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Ehrstedt, Stefan & Vahtra, Peeter:
Russian energy investments in Europe
Electronic Publications of Pan-European Institute 4/2008

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Russia’s energy policy towards Europe is often portrayed in public as being dominated by Russia’s political motivations and aspirations. This view states that Russian energy investments in Europe have for the most part the purpose of gaining more political influence among the energy importing countries of Europe, particularly in the former Soviet sphere of influence. In our opinion, this perspective, though accurate, paints somewhat a one-sided picture of the motives behind Russian energy policy.

We would like to complement this picture by adding the often neglected economic factors as motivations for Russian energy policy. Like we have discussed in this report, Russian energy investments in Europe have also been influenced by economic goals such as enhancing Russia’s position in the energy value chain and choosing the best markets to sell the slowly diminishing Russian energy production. In other words, to improve profitability of the Russian energy industry. This is what companies, even state-controlled, are expected to do by default, regardless of their line of business or geographical location. We believe that by adding economic factors alongside with political we are able to build a more robust understanding of the driving forces behind Russia’s energy policy.

Furthermore, the weak success of Western energy companies in Russia’s energy sector and the increased state-control of the Russian energy assets have reflections on Russia’s energy investments in Europe. First, concentration of energy production in the hands of state-controlled companies certainly enhances Russia’s bargaining position against European energy importers. Second, increased state-control particularly in the Sakhalin-2 gas project with its LNG-capabilities allowing gas exports to other destinations besides Europe has advanced Russia’s geopolitical aims by diversifying export possibilities.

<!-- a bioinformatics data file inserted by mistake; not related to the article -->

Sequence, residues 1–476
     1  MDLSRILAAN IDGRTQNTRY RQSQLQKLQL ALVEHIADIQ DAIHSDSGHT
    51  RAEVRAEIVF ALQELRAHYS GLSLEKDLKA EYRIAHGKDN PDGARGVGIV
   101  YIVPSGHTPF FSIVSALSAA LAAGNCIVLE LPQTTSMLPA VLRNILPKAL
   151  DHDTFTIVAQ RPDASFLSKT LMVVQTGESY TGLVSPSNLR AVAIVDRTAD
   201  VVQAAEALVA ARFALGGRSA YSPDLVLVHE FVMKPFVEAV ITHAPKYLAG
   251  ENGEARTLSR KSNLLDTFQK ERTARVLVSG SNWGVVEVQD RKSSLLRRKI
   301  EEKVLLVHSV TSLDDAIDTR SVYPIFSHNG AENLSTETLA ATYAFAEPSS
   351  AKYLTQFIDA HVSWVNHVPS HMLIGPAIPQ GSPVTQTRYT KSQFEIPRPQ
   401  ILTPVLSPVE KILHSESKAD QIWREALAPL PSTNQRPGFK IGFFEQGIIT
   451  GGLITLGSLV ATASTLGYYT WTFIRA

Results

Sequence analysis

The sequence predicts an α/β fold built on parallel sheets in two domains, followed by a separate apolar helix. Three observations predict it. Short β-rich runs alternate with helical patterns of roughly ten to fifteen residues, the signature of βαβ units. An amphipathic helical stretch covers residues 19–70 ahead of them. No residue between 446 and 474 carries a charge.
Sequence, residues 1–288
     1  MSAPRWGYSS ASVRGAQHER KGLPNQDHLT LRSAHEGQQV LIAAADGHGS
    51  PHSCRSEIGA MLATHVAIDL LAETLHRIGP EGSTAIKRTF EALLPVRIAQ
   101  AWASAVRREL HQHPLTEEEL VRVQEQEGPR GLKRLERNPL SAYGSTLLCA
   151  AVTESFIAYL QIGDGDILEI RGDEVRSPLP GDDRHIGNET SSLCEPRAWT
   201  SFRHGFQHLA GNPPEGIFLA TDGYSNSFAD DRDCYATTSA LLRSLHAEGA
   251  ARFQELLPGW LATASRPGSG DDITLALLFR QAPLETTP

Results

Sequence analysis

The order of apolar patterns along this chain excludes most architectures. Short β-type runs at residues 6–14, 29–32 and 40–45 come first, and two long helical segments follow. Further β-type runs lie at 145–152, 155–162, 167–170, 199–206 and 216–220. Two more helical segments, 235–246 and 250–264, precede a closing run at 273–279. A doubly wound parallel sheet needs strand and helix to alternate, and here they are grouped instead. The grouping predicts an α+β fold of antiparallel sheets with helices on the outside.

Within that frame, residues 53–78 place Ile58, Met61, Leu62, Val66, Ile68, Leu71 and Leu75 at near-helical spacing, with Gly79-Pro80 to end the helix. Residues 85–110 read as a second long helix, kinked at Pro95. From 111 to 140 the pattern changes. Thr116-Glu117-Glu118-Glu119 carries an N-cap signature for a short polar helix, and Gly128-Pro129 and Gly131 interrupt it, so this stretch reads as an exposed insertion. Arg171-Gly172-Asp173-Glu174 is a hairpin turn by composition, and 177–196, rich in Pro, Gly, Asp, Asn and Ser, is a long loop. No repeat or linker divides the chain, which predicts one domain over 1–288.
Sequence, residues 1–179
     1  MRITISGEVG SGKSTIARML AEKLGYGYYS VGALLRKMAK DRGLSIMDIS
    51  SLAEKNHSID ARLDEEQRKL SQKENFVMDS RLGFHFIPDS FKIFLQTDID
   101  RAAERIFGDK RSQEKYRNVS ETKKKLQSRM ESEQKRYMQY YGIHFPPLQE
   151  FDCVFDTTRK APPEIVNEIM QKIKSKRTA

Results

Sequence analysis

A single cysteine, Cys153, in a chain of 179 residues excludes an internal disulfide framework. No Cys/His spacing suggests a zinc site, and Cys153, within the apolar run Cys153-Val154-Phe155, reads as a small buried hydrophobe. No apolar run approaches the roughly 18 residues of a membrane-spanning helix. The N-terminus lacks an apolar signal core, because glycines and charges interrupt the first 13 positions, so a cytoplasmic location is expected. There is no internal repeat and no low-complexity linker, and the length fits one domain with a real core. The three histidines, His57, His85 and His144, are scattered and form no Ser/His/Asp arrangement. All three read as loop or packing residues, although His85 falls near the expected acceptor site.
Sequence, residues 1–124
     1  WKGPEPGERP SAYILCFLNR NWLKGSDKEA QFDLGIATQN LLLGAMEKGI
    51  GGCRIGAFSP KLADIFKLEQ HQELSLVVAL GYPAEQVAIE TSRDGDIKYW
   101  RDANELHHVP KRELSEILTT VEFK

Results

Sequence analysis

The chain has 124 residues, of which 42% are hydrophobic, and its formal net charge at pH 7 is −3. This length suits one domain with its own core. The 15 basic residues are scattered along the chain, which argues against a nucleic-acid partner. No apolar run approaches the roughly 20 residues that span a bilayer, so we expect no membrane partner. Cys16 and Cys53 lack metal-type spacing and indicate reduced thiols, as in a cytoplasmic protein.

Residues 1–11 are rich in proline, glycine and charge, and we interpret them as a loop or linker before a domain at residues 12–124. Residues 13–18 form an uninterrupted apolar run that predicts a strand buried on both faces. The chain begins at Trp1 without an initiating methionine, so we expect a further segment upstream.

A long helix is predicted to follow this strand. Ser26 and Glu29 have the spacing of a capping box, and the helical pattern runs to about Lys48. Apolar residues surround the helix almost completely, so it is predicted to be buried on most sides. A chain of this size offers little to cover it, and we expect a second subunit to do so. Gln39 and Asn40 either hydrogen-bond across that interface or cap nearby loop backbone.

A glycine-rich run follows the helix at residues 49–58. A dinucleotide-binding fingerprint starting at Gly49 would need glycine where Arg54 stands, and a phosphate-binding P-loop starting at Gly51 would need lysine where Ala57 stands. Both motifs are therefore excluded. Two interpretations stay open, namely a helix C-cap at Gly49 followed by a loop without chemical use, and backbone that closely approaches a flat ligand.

The future of Russian energy FDI in Europe is to be shaped by increasing state ownership and control of the country’s energy assets. As opposed to several other industries, the Russian energy investments abroad are unlikely to uphold the growth rates witnessed during the recent years. The strengthening state ownership in the energy industry foresees the development of the two state-controlled champions, Gazprom and Rosneft, into ever stronger global and regional energy majors, respectively. Under this scenario, it is likely that the Russian energy investments in Europe will be carried out by virtually one or two companies, with a clear-cut aim of acquiring and building infrastructure assets throughout the continent. The Russian-led energy infrastructure projects currently under development are vital for Gazprom and Rosneft to establish the long-sought downstream presence in Europe and add to strategic options for oil and gas deliveries.

However, this line of development foresees ever smaller number of Russian energy investments in Europe. Once completed, the Nord Stream and South Stream gas pipelines and adjacent acquisitions of national energy companies recently carried out by Gapzrom are likely to provide the company with export capacity and leverage for years to come. In upcoming years, the Russian gas behemoth will be forced to struggle with the mounting investment needs in domestic upstream in order to fulfill its domestic and international supply obligations. Similarly to Gazprom, the other few Russian energy giants will inevitably face the moment when they are forced to concentrate on developing the long-neglected domestic hydrocarbon fields instead of pushing for rapid international expansion. The recent signals from the Russian energy policy front foresee the arrival of that day sooner rather than later.

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